OK: Hello, world

echo.yaml and are again the bindings and markdown files. Also, has the Python functions, needed at runtime, though not referenced above. The names of and echo.yaml are inferred by ftt-codegen.


Your mission, should you choose to accept it, is to write a Subplot to write an acceptance test suite for simple uses of the cp(1) command. You can model it after the echo(1) one, and you get to specify the actual acceptance criteria yourself. For the exercise, it’s enough for you to check that a regular file can be copied to another name in the same directory and that the end result is the same. You should try to get docgen produce a PDF of your subplot. You don’t need to run the tests.


It would great if you could give us, Lars and Daniel, feedback on Subplot and this tutorial.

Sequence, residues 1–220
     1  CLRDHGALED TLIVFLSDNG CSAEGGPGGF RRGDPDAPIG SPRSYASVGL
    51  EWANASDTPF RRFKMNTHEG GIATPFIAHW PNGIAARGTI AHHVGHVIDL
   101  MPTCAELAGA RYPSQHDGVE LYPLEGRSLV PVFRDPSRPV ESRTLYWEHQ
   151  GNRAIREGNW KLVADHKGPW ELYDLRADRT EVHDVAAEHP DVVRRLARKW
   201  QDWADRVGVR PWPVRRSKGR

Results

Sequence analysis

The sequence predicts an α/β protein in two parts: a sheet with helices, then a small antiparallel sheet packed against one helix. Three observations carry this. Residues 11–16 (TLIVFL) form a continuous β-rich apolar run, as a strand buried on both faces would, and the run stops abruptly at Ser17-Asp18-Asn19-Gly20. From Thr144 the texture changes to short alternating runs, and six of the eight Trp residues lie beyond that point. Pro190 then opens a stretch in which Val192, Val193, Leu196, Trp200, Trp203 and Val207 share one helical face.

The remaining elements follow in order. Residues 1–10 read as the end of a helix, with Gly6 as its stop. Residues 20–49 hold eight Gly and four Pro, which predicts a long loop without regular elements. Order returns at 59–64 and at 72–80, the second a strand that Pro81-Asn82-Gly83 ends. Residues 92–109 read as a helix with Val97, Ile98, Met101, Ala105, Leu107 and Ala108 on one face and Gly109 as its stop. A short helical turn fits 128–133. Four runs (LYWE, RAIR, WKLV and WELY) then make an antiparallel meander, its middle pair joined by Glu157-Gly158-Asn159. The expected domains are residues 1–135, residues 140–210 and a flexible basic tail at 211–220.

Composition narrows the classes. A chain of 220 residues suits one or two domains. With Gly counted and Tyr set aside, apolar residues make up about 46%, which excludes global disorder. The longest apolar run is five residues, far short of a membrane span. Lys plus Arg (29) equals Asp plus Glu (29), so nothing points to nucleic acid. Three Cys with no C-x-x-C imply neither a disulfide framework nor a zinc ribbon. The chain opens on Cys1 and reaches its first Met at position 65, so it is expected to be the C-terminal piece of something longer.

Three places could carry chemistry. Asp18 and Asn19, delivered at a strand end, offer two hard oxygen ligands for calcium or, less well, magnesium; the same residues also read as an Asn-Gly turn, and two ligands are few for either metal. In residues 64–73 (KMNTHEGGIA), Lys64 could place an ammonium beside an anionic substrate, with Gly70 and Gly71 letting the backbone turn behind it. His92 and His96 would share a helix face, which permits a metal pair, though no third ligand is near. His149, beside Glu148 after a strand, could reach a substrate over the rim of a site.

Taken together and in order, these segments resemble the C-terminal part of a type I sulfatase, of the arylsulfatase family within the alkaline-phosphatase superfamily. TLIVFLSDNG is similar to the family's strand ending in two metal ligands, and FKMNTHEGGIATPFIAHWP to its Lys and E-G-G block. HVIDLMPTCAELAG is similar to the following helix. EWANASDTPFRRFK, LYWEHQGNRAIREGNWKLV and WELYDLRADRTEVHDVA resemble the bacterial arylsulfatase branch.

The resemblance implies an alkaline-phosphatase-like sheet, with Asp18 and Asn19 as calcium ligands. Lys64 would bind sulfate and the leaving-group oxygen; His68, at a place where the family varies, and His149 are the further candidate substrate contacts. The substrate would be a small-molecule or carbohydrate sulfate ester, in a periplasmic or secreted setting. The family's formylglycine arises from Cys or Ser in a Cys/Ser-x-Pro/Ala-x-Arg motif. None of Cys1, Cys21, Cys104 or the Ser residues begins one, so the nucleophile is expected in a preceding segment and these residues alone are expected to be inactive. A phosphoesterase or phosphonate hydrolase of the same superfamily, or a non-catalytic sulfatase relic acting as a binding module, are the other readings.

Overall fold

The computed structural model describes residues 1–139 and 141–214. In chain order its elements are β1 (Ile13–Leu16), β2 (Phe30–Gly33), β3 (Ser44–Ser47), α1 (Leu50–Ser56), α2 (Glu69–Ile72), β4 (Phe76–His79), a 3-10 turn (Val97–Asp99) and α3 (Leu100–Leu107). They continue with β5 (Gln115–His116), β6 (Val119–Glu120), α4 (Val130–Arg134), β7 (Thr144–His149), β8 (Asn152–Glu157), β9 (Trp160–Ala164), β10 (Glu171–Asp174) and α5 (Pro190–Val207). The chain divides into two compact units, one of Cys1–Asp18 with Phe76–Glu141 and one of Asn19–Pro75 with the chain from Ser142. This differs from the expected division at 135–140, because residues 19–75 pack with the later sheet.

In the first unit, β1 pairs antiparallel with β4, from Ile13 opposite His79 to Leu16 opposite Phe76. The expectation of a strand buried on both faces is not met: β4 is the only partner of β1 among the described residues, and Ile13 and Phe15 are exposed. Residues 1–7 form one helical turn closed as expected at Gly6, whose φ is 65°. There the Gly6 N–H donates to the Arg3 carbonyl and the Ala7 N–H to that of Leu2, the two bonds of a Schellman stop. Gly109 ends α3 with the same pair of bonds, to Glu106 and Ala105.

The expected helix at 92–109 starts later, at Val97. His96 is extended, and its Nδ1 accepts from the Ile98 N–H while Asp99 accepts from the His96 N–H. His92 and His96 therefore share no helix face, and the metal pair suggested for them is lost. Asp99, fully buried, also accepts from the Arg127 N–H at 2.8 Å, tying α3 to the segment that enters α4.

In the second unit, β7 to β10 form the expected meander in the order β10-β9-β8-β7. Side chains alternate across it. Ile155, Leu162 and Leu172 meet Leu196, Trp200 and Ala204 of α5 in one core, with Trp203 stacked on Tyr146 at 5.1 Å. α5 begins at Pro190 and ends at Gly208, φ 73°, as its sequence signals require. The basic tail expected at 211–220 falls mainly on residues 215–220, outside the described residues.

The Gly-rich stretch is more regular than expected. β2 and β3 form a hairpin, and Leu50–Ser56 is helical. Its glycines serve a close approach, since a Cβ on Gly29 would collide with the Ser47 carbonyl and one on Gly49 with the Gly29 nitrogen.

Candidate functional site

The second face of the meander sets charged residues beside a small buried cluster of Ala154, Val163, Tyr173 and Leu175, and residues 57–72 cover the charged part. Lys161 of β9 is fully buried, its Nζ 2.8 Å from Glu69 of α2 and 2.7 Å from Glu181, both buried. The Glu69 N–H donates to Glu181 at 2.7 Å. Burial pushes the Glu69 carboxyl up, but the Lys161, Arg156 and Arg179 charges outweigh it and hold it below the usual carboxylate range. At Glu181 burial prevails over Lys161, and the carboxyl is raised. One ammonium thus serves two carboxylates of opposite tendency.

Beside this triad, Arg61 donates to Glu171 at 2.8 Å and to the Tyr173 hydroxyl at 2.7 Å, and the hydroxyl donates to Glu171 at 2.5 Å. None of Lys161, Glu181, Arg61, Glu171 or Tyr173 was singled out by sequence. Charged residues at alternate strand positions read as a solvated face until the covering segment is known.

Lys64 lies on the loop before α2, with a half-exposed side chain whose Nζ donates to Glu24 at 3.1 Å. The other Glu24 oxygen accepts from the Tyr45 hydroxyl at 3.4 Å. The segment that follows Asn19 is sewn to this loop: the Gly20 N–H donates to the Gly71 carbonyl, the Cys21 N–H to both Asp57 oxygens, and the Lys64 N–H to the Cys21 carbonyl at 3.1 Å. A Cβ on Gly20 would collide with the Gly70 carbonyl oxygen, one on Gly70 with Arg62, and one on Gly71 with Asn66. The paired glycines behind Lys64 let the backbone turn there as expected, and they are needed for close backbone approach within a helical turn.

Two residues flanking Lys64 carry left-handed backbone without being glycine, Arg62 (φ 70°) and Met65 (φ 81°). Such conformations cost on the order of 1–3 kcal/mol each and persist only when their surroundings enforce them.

Questions for before you go through the tutorial (if we are interviewing you):

  • What kinds of testing do you already do?
  • Who are your usual stakeholders?
  • What sorts of things would you like to test better?

Questions for after you go through the tutorial:

  • What do you think of Subplot as a concept?
  • What’s good about Subplot?
  • What’s less good about Subplot?
  • Did you have any problems following the tutorial?
  • Do you see yourself using Subplot in the future?
  • Do you see Subplot as filling a gap?